NORTHWESTERN UNIVERSITY PRESENTS:  PARIS THE CITY OF LIGHTS
Block Cinema’s spring series celebrating Paris––the City of Lights–– in early June with three films from the 1960s and 1980s directed by Martin Ritt and Eric Rohmer.    

“Paris Belongs to Us: The City of Light in Film” toasts a city which has sparked the imagination of filmmakers for more than a century. Since cinema’s earliest days, Paris has served as an iconic backdrop, vibrant social milieu and gritty locale for every kind of film and story possible. 

“Paris Blues,”  Friday, June 1, at 7 p.m.  at the Block Cinema.
One of famed director Martin Ritt’s (“Hud,” “Sounder,” “Norma Rae”) earliest films, “Paris Blues” stars Paul Newman and Sidney Poitier as American jazz musicians living in Paris. After falling for two vacationing Americans played by Joanne Woodward and Diahann Carroll, the two men must decide whether to leave the broader cultural acceptance of jazz and the more tolerant racial attitude in France, or return to the U.S. with their new loves. (Martin Ritt, United States, 35 mm, 95 minutes). 

“The Sign of Leo” (“Le signe du lion”), Thursday, June 7,  at 7 p.m. at the Block Cinema. 
Rohmer’s debut feature focuses on Leo, an American living on modest means in Paris until he learns of an inheritance and begins spending large sums of money, to disastrous results. Rarely screened and long unavailable in the U.S., “The Sign of Leo” contains one of the most memorable final scenes in French cinema. Archival 35 mm print courtesy of the Institut Francais.  (Eric Rohmer, 1962, France, 35 mm, 100 minutes).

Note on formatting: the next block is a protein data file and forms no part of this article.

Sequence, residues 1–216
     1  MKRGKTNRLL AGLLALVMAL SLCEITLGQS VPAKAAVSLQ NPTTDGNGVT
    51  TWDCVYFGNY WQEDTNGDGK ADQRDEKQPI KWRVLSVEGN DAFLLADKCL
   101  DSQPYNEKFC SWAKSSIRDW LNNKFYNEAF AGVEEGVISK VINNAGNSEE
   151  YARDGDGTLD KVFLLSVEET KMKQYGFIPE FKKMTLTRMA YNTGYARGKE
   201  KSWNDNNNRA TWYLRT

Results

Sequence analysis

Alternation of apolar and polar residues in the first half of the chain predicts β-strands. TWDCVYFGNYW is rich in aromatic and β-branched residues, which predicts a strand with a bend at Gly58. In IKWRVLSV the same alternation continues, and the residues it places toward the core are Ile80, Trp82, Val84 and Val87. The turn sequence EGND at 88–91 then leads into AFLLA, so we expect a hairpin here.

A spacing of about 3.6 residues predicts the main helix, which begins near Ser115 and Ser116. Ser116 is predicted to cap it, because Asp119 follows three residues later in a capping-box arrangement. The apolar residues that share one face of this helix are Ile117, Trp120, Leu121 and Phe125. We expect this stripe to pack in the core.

“Summer” (“Le rayon vert”), 7 p.m. Friday, June 8, Block Cinema. 
In the heat of summer most Parisians flee the city, but Delphine finds herself unhappily stranded when her travel plans fall through. Wandering between Paris and several resort towns in search of the perfect getaway, her loneliness threatens to overwhelm her as she struggles to connect with others in a meaningful way. Marie Riviere who collaborated on the story, puts in a poignant performance in the lead role.(Eric Rohmer, 1986, France, 35 mm, 98 minutes). 

At The Mary and Leigh Block Museum of Art,  located at 40 Arts Circle Drive, on Northwestern University’s Evanston campus. 

Tickets are $6 for the general public or $4 for; Block Museum members, Northwestern staff and any students; seniors aged 65 and older with an ID. For more information call the Block Cinema Hotline at 847-491-4000, or visit their website at www.blockmuseum.northwestern.edu/block-cinema. Free parking is available in the lot directly south of the museum.
 


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